Sally, my chocolate Labrador Retriever, has been a competitive dock diver since she was 7 months old. Through the years of competition, Sally earned the following DockDogs® titles: Master in Big Air, Cadet in Extreme Vertical, Turbo in Speed Retrieve and Warrior in Iron Dog.
By 2014, Sally had competed in two National Championships (2009, 2010). She also qualified for the 2011 and 2013 National Championships. By the time the 2014 season around rolled around, Sally was at the top of her game, setting new personal bests. Unfortunately, at the 2nd event of the season, she came up out of the pool lame on her right hind leg. Sally was referred to Dr. Franklin.
Dr. Franklin performed ultrasounds, an MRI, and after a thorough orthopedic and neurologic diagnostic evaluation, it was determined that she had a herniated intervertebral disc in her lower back. Of course, the first thought to me was “How can we fix this?”. Dr. Franklin discussed surgical treatment and non-surgical treatment options and recommended we treat Sally with a series of epidural corticosteroid injections and rehabilitation.
When I heard this, I prepared myself for the fact that she would never compete again. But that was not to be the case. Although I wanted Sally to compete, I knew my first priority was to make sure she did no further damage to her leg, whatever the injury. I pulled Sally from all competitions for the rest of the season so I could focus 100% on her healing and rehabilitation. There was more rehab, more rest and a second look at her competitive plan of action. Dr. Franklin assured me that she would be able to compete again.
Sally had always had great “pop” on the dock. That means she would launch off the dock up at an angle like an airplane taking off. Dr. Franklin advised that she might not be able to pop any longer, but that she could very well still jump “flat” or straight out. So instead of focusing on “popping” Big Air jumps and Extreme Vertical jumps, we began to focus on flatter Big Air jumps and Speed Retrieve.
Disc disease or injury never stopped her. She went on to earn invitations and compete in the 2015, 2016, 2017 and 2018 World Championships. Her crowning glory was at the 2016 World Championship, when at 10 years old, she came in 6th place in her division. You would never have known she had experienced any orthopedic problems at all.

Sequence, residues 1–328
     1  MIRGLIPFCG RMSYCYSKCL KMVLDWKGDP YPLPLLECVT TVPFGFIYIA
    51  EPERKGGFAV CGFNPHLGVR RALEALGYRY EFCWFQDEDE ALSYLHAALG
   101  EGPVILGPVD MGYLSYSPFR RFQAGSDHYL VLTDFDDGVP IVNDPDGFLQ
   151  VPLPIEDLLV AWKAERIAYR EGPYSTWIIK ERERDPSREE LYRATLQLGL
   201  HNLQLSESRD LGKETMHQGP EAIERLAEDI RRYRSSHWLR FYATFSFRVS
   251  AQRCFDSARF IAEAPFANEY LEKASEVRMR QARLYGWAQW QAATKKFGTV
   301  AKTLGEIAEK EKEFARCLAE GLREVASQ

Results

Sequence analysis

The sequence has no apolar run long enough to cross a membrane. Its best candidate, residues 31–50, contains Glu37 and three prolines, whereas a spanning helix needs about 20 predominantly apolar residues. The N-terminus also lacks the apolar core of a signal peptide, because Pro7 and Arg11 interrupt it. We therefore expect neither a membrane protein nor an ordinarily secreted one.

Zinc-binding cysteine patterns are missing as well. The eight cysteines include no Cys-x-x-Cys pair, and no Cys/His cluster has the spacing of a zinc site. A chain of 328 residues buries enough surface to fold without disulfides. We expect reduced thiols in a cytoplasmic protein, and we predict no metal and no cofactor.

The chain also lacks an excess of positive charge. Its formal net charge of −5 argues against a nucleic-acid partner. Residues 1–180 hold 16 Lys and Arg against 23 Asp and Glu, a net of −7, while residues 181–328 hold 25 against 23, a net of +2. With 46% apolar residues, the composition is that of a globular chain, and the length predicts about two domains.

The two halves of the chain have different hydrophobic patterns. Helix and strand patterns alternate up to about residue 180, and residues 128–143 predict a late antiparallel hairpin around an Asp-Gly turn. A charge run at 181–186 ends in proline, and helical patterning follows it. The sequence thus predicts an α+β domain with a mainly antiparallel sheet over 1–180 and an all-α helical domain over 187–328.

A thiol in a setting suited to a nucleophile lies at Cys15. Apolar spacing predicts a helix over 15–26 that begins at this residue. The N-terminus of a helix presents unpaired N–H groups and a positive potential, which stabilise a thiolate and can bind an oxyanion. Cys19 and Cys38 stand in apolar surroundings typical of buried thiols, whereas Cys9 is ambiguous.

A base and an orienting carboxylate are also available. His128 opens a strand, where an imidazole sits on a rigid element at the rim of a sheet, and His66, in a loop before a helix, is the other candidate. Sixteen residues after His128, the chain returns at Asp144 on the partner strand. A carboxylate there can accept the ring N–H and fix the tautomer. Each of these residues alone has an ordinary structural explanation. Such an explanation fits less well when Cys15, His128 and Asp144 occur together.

Sally retired from dock diving last year at the 2018 World Championship due to an illness not related in any way to her disc disease. She is now 13 years old, and if it weren’t for this illness, she would still be competing, as after Dr. Franklin’s course of action, she is orthopedically quite sound.
I will forever be grateful to Dr. Franklin for treating my girl, Sally, in a non-surgical manner so she could continue in the sport she loves so much.
When we met with Dr. Franklin regarding Dixie's injury to her right elbow, I doubted that she would be able to return to her active and athletic lifestyle. But Dr. Franklin and his team gave us reason to be optimistic that she could return to a great hunting dog and family pet. Dr. Franklin gave us extensive instructions on how to care for her after the surgery and we followed them to the letter.
I'm proud to report that she has had 2 very active hunting seasons. She hunts about 30 days per season and has retrieved hundreds of ducks. In addition, she had brought back at least 2,000 training dummies, countless golf balls while walking on the course, is an excellent companion in the fishing boat, can hike for miles, and makes a pretty good
dog at the office!
Dixie is family. We take her everywhere. Thanks to your efforts, she has enjoyed a robust life. We are grateful for the work you did on our beloved friend.
Price & Meg Hightower
In May 2015, Tchoup, my 4 year-old golden retriever, began exhibiting an occasional limp. We went to several local veterinary surgeons who diagnosed a CCL tear and advised surgery, and TPLO to be exact. Being only 4 and an active competitive agility dog, I was hesitant to pursue a TPLO at that time. When I explored alternative treatment options it was recommended that I consult with Dr. Franklin. I was impressed by Dr. Franklin and his thorough approach to examining Tchoup and outlining our options. Ultimately an arthroscopy performed by Dr. Franklin revealed that Tchoup did not have a CCL tear, but rather an isolated meniscal tear, which he treated arthroscopically. After completing physical rehabilitation, we returned to competing in agility where Tchoup made the BDA breed power 10 list for his height. I am so thankful that Dr. Franklin was able to offer PRP and arthroscopy.
New Orleans, Louisiana
Note that Tchoup’s care was published in a journal article written by Dr. Franklin, the purpose of which was to emphasize that not all dogs with knee injuries have a CCL tear and that alternative explanations for lameness and treatment should be considered. You can find that article here.